Monday, May 24, 2004
On Friday, Senator Kerry's campaign floated the idea that he might not 'officially' accept the nomination at the Democratic Convention this July - he would accept the nomination a month or so later, around the time of the Republican Convention.
The logic behind this idea goes something like this - Kerry and President Bush both stand to get about $75 million in public funds once they accept their party's nomination. To qualify for the public money, they have to agree to use only that money for the period from their nomination up to the election.
Here's the catch: the Democratic Convention is at the end of July. The Republican Convention is at the end of August. As is, Kerry has to make his $75 million 'stretch' for a month longer than Bush, giving Bush a decided advantage. But, if Kerry doesn't accept the nomination until later, he and Bush can have roughly the same amount of money to spend over the same amount of time. Brilliant!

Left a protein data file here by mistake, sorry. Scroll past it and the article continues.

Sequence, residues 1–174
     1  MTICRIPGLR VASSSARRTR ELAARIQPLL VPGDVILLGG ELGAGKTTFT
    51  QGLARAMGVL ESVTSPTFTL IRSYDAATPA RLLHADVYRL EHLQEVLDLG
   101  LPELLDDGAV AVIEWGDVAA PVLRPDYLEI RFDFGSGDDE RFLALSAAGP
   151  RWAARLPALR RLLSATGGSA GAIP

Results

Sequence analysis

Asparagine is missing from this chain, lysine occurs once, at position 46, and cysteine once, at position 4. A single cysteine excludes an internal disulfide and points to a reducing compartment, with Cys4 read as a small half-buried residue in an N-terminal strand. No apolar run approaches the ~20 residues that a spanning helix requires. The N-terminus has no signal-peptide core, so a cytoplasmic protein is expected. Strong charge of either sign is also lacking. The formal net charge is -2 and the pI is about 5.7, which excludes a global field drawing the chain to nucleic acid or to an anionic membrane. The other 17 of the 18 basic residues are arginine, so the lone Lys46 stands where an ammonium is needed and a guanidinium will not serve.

What the heck is going on? This is the system we use to elect the President of the United States? Our elected officials have turned this into a contest of appointment books, not ideas. Everybody pull out your Blackberrys - we'll out-schedule 'em!
C'mon. Public funding is a great idea, but will work only if candidates have to opt in for both primary and general election.
The wacky system we have just goes to show you that the folks in Washington who are supposed to be working for the American people are napping on the job. They obviously think they can get away with designing a mediocre system for what is the most important process of democracy - choosing our leaders. And they'll keep on thinking they can get away with it until regular Americans let them know at the polls that we deserve better than this.
Let's just hope they can make time for us in their schedule.